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The Agrippa Files
December 13, 2008 1:32 AM   Subscribe

The Agrippa Files presents a fairly expansive overview of the original and very rare 1992 art book Agrippa (a book of the dead), a collaboration between artist Dennis Ashbaugh, author William Gibson, and award-winning journalist Kevin Begos, Jr. that presciently explored the ephemeral nature of and decay of memories and information.

The comprehensive site includes selected pages from handmade and other editions of the book, along with a simulation of disappearing ink-printed pages, as well as the source code, bit-level copy and emulation of William Gibson's self-destructing work of poetry, which can be read once before it irreversibly encrypts itself. The Agrippa Files also collects scholarly essays on the artworks, exploring meaning and impact.
posted by Blazecock Pileon (11 comments total) 19 users marked this as a favorite

 
Holy fritole, this is awesome! I remember brainlusting over the original concept of this book/text that disappears after reading. So fantastic that someone found a way to immortalize the content for the rest of us proles that couldn't afford buckets of ducats for our own copy (despite what the authorial intent may have been). I'm sure Gibson, if anyone, would appreciate the proliferation of information in a non-scarcity based economy structure at this point in time.
posted by FatherDagon at 2:06 AM on December 13, 2008


This is fantastic. Fittingly of its time. Does anyone know the value of the originals?
posted by MrMerlot at 2:30 AM on December 13, 2008


Fascinating. I love the disappearing ink concept, shame the technology of the time wasn't up to it.

(I have a pair of drawings that were supposed to fade in a similar way, but one of them has been blu-tacked to my fridge for three years now and looks as crisp as it did the day I was given it - I wonder if the artist was bluffing, or if ink technology still can't do reliable disappearance.)
posted by jack_mo at 2:50 AM on December 13, 2008


Also, it's wonderful to see an artists' book that actually does something with the medium - I sort of collect them, and almost all are pretty straightforward, with reproductions/photographs of the artist's work, with an essay or text of some sort.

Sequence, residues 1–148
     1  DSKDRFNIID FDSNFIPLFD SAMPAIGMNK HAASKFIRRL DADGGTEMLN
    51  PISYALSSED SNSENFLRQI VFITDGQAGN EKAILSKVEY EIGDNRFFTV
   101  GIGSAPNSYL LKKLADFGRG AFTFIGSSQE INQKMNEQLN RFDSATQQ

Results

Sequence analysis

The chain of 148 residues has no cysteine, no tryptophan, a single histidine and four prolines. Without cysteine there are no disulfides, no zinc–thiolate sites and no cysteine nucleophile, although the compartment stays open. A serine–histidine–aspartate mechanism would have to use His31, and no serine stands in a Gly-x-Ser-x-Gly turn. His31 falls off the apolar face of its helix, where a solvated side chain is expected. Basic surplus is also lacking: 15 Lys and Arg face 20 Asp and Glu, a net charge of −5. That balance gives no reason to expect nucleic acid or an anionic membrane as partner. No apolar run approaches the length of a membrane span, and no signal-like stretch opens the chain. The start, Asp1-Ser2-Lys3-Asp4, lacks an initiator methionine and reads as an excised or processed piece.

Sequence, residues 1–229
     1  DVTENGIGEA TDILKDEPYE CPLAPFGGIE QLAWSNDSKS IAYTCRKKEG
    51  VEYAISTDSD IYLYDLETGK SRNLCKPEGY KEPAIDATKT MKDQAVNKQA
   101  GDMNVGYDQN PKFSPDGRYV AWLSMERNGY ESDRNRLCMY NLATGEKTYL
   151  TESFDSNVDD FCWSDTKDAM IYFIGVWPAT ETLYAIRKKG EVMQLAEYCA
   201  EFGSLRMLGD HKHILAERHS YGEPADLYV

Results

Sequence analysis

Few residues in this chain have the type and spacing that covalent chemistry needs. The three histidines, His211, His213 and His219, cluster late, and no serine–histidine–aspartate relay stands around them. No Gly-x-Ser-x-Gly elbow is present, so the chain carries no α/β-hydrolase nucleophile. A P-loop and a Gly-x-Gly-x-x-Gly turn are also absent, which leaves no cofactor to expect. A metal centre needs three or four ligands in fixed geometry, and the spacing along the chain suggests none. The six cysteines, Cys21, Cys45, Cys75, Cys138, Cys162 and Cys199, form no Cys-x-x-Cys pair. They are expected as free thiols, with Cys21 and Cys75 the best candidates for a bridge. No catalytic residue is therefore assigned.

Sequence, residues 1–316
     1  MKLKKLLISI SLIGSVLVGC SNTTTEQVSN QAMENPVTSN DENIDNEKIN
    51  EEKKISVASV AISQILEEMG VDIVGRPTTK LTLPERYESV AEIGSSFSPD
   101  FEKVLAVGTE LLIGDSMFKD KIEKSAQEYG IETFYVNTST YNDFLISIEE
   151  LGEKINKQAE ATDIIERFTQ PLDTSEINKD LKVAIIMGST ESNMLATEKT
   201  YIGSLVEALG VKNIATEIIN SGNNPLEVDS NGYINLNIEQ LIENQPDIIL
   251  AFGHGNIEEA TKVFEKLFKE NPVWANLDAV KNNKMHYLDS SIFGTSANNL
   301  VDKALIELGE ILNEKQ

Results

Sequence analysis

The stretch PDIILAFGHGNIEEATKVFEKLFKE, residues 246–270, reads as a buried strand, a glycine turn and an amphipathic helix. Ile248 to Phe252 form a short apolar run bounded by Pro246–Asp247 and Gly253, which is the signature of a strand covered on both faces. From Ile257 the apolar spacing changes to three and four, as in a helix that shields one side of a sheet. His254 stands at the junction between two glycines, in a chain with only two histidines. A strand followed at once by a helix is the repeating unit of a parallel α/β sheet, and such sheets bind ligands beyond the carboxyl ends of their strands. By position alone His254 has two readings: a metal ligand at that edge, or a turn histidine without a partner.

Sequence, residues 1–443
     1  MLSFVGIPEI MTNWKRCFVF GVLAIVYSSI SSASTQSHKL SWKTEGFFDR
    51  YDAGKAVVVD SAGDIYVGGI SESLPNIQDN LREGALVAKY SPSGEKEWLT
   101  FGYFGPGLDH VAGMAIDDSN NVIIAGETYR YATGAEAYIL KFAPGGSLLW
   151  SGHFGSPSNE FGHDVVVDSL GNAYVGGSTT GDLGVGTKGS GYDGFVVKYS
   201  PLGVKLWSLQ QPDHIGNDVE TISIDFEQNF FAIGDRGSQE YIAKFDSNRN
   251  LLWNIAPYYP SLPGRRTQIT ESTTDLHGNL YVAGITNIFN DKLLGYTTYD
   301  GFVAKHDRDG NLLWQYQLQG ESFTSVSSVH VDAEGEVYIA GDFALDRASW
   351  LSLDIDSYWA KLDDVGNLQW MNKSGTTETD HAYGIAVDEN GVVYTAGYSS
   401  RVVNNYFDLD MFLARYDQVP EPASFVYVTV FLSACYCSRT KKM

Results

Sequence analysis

posted by jack_mo at 2:56 AM on December 13, 2008


a classic! Thanks, Blazecock Pileon!
posted by honest knave at 4:05 AM on December 13, 2008


I saw this on boing-boing a few days ago and from what I recall it's pretty valuable now, well over a thousand dollars, if not more. There are a variety of versions as well.
posted by scarello at 7:01 AM on December 13, 2008


I'm glad to read that the idea of 'memory RNA' has been discarded. Had there been a linguistic cue that produced a snippet of the stuff that trashed your.... Well, maybe they have written other books....
posted by Kronos_to_Earth at 8:05 AM on December 13, 2008


This Agrippa is interesting, but I find that Thibault cancels out Capa Ferro. Don't you?
posted by rokusan at 10:42 AM on December 13, 2008


Thanks for this! I have, for years now, harbored a secret dream that I will one day actually find one of these in a store somewhere, and purchase it.

*sigh*
posted by griffey at 7:14 PM on December 13, 2008


This Agrippa is interesting, but I find that Thibault cancels out Capa Ferro. Don't you?

Naturally. The terrain isn't rocky enough for Bonetti's Defense.
posted by Amanojaku at 1:31 AM on December 15, 2008


I remember hearing about this when I was younger, but I always figured it was a myth, something cooked up in the feverish imaginations of Gibson fanboys. I'm glad I'll get a chance to see the "real" thing.
posted by lekvar at 5:33 PM on December 15, 2008


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